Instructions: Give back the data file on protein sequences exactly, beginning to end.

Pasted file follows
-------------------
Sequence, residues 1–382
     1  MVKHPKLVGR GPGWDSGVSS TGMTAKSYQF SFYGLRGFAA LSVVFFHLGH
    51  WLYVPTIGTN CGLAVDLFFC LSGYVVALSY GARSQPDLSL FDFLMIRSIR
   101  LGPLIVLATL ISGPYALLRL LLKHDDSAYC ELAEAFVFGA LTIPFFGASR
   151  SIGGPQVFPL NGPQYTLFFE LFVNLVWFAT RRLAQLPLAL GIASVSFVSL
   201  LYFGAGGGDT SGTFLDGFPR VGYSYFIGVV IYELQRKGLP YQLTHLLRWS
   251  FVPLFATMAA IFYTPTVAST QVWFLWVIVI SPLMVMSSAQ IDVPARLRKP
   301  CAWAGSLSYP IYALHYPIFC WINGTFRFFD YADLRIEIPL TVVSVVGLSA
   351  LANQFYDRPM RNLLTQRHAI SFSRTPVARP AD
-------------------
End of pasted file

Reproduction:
Sequence, residues 1–382
     1  MVKHPKLVGR GPGWDSGVSS TGMTAKSYQF SFYGLRGFAA LSVVFFHLGH
    51  WLYVPTIGTN CGLAVDLFFC LSGYVVALSY GARSQPDLSL FDFLMIRSIR
   101  LGPLIVLATL ISGPYALLRL LLKHDDSAYC ELAEAFVFGA LTIPFFGASR
   151  SIGGPQVFPL NGPQYTLFFE LFVNLVWFAT RRLAQLPLAL GIASVSFVSL
   201  LYFGAGGGDT SGTFLDGFPR VGYSYFIGVV IYELQRKGLP YQLTHLLRWS
   251  FVPLFATMAA IFYTPTVAST QVWFLWVIVI SPLMVMSSAQ IDVPARLRKP
   301  CAWAGSLSYP IYALHYPIFC WINGTFRFFD YADLRIEIPL TVVSVVGLSA
   351  LANQFYDRPM RNLLTQRHAI SFSRTPVARP AD